alexa In vitro studies of Taxol as a radiation sensitizer in human tumor cells.
Pharmaceutical Sciences

Pharmaceutical Sciences

Biochemistry & Pharmacology: Open Access

Author(s): Liebmann J, Cook JA, Fisher J, Teague D, Mitchell JB

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Abstract BACKGROUND: Cells exposed to paclitaxel (Taxol) develop a cell cycle arrest in G2/M. It has long been recognized that late G2 and M are the most radiosensitive phases of the cell cycle. PURPOSE: These studies were performed to assess the in vitro radiosensitization properties of paclitaxel in human tumor cell lines. METHODS: The effect of paclitaxel at concentrations ranging from 0 to 10,000 nM on the radiation sensitivity (from 0 to as much as 10 Gy in certain experiments) of human breast (MCF-7), lung (A549), ovary (OVG-1), and pancreas (PC-Sh) adenocarcinoma cells was determined using clonogenic assays. DNA flow cytometry studies were performed to define the cell cycle characteristics of populations of cells that had been treated for 6-72 hours with 0, 100, 1000, or 10,000 nM paclitaxel. RESULTS: All cell lines developed a G2/M block after exposure to 100-10,000 nM paclitaxel for 24 hours. However, the degree of radiosensitization produced by paclitaxel varied among the cell lines. The sensitizer enhancement ratio (SER) of paclitaxel at 10\% survival was 1.8 in MCF-7 cells and 1.6 in OVG-1 cells. However, paclitaxel at any concentration was unable to enhance the radiation sensitivity of A549 cells. PC-Sh cells demonstrated a complex and inconsistent radiosensitization response to paclitaxel. At 10\% survival, an SER of 1.5 was observed in PC-Sh cells. However, at 1\% survival, no radiosensitization was observed in PC-Sh cells. Maneuvers that prevented paclitaxel from producing a G2/M block, including coincident treatment with cycloheximide or treatment of cells in plateau phase of growth, completely abrogated the radiosensitization afforded by paclitaxel in MCF-7 cells. CONCLUSIONS: Paclitaxel is a modest radiosensitizer in some, but not all, human tumor cells. The degree of radiosensitization that we have observed with paclitaxel is similar to what has been found with other chemotherapeutic agents. The absence of radiosensitization by paclitaxel in MCF-7 cells grown to plateau phase or treated with cycloheximide implies that the development of a G2/M block is a necessary condition for paclitaxel radiosensitization. However, the inability of paclitaxel to radiosensitize A549 cells despite the presence of a G2/M block in those cells demonstrates that a G2/M block is not a sufficient condition for paclitaxel radiosensitization. IMPLICATIONS: Paclitaxel can radiosensitize to a modest degree some, but not all, human cell lines by a mechanism that requires the production of a G2/M cell cycle block. Additional studies are needed to define more clearly the mechanism by which paclitaxel radiosensitizes cells.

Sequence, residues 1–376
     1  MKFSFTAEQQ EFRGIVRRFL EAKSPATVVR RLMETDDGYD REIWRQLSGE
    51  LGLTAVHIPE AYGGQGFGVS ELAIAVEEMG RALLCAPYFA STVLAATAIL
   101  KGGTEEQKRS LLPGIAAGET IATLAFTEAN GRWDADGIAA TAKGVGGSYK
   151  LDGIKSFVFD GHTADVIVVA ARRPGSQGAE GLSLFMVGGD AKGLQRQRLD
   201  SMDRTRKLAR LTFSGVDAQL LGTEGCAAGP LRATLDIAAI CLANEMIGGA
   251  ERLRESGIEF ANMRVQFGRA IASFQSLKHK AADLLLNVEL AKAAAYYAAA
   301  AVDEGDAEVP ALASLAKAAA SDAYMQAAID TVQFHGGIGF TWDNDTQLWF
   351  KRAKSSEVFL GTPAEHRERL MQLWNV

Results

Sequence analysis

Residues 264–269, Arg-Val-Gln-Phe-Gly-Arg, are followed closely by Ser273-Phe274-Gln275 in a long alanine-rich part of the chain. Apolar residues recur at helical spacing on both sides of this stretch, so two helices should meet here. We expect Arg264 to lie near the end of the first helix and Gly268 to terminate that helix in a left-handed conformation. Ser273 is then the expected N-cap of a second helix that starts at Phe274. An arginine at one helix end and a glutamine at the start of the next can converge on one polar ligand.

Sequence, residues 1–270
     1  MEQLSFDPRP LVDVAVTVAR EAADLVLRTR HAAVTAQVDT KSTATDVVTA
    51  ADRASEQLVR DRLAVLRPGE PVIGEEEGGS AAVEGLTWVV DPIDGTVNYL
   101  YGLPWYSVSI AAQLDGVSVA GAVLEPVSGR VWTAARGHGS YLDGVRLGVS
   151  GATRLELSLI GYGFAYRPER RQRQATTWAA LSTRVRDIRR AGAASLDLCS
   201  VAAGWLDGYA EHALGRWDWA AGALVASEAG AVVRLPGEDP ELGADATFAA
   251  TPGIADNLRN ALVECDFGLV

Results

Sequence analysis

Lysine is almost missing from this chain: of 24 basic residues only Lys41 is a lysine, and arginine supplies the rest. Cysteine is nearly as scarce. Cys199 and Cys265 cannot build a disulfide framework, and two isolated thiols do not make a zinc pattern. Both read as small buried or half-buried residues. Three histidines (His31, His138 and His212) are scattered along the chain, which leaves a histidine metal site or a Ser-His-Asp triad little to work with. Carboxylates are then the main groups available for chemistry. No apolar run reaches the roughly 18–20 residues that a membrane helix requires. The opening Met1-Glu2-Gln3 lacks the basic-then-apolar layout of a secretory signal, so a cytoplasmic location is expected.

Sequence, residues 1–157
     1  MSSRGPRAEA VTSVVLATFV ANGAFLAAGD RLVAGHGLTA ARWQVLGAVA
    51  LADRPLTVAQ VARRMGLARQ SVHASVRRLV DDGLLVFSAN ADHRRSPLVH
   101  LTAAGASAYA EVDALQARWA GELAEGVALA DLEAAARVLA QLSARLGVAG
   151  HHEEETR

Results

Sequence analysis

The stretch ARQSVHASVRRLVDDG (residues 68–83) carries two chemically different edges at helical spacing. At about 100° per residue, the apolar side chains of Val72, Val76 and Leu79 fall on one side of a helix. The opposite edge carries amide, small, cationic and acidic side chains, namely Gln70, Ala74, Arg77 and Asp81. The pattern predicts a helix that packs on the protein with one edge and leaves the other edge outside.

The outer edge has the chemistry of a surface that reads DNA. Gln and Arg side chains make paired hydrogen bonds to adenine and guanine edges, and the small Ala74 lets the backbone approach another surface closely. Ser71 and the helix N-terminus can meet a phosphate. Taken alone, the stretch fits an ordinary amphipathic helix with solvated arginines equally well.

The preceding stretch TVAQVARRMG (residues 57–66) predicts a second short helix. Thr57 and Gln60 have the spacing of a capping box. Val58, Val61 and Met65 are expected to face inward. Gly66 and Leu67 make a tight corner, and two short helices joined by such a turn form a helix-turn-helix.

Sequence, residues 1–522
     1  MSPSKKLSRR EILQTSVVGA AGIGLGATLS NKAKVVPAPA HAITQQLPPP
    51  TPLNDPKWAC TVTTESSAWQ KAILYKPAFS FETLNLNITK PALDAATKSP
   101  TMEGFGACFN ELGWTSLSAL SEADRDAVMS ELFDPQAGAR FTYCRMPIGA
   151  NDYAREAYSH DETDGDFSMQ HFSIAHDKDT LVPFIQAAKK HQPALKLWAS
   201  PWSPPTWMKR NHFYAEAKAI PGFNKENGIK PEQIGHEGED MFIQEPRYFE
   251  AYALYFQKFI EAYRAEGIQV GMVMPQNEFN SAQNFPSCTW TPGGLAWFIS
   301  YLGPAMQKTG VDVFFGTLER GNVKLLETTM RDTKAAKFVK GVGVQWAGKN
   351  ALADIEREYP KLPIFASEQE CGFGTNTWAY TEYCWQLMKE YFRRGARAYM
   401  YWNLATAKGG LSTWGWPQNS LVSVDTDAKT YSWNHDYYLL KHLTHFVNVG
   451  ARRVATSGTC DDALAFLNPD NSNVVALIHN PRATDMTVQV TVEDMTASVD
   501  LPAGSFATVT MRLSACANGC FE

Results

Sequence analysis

This article was published in J Natl Cancer Inst and referenced in Biochemistry & Pharmacology: Open Access

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